The five primary instruments for the Joint Polar Satellite System (JPSS)-1, the next civilian-operated U.S. polar-orbiting weather satellite, have entered environmental testing, the U.S. National Oceanic and Atmospheric Administration said.

The tests, in which the JPSS instruments will be subject to space-like conditions, are set to wrap up by early 2015, NOAA spokesman John Leslie wrote in a Feb. 25 email. The instruments will then be shipped to JPSS-1 satellite manufacturer Ball Aerospace and Technologies Corp. of Boulder, Colo.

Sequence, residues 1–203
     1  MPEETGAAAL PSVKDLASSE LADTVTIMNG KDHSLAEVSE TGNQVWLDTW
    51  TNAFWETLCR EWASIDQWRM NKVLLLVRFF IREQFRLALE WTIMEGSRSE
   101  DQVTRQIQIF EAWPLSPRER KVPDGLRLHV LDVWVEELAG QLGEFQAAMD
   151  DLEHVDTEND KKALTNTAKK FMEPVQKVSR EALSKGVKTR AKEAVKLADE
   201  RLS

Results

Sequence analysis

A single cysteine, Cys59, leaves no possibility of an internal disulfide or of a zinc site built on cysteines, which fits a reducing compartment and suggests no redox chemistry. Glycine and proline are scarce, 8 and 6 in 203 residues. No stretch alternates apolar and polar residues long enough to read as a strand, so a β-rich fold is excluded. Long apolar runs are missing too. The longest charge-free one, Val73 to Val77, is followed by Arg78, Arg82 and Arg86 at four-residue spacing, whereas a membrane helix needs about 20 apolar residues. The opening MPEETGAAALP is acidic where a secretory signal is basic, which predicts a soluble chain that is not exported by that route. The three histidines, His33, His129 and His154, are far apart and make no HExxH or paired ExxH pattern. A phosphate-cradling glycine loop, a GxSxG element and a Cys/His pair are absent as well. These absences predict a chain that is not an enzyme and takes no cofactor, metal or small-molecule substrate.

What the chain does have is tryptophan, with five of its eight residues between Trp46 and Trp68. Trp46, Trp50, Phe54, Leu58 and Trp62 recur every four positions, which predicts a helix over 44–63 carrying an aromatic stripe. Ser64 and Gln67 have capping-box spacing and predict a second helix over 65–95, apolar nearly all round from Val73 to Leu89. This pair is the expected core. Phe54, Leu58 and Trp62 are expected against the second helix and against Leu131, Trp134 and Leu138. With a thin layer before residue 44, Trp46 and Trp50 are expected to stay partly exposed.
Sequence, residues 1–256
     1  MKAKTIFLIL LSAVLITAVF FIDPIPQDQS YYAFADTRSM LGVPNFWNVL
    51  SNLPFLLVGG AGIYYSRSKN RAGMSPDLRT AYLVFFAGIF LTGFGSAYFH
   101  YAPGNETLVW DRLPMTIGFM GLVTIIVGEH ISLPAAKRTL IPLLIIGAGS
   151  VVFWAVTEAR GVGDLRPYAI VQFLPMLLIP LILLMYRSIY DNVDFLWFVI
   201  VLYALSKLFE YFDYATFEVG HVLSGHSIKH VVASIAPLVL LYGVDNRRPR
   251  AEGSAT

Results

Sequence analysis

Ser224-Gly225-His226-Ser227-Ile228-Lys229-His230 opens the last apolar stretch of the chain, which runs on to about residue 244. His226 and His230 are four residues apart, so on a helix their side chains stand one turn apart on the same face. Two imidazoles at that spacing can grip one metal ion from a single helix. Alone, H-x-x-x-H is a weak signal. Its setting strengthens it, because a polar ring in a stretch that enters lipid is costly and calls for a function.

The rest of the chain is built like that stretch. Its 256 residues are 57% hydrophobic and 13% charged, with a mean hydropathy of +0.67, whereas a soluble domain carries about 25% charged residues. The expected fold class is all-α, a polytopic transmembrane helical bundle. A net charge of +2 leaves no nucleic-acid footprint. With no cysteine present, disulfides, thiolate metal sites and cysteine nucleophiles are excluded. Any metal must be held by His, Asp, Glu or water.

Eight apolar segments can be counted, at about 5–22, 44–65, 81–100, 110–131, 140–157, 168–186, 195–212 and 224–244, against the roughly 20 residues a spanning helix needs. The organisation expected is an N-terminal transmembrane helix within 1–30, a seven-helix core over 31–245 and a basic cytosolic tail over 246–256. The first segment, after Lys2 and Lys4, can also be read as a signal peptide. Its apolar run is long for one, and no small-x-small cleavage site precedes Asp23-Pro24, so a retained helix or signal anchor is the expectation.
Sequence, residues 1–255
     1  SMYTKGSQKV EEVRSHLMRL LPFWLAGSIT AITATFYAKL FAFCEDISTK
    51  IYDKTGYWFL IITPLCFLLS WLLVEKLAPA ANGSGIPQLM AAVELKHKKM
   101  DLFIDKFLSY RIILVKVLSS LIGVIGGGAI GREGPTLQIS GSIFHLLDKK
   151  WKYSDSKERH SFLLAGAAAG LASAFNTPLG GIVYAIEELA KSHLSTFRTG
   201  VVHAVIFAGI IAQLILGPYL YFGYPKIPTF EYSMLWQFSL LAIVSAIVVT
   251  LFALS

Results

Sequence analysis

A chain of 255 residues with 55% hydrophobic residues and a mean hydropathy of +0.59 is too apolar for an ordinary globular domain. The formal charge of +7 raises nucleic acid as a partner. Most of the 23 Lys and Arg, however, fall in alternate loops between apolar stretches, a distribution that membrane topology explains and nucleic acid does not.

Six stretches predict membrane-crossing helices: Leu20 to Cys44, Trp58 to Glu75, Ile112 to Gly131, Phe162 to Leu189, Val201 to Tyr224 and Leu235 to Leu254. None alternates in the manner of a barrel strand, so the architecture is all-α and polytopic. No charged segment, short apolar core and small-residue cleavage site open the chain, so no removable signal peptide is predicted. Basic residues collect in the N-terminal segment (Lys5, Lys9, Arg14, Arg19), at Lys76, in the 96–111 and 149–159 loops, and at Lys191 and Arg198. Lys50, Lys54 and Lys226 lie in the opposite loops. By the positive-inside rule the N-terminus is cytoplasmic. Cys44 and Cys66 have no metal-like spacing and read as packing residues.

Launch is slated for early 2017 aboard a United Launch Alliance Delta 2 rocket from Vandenberg Air Force Base in California. 

The instruments are: 

  • The Advanced Technology Microwave Sounder, built by Northrop Grumman Electronic Systems of Linthicum, Md.
  • The Ozone Mapping and Profiler Suite, also built by Ball.
  • The Cross-track Infrared Sounder, built by Exelis of McLean, Va.
  • The Clouds and the Earth’s Radiant Energy System, being built by Northrop Grumman for NASA’s Langley Research Center in Hampton, Va.
  • The Visible Infrared Imaging Radiometer Suite, built by Raytheon Space and Airborne Systems of El Segundo, Calif.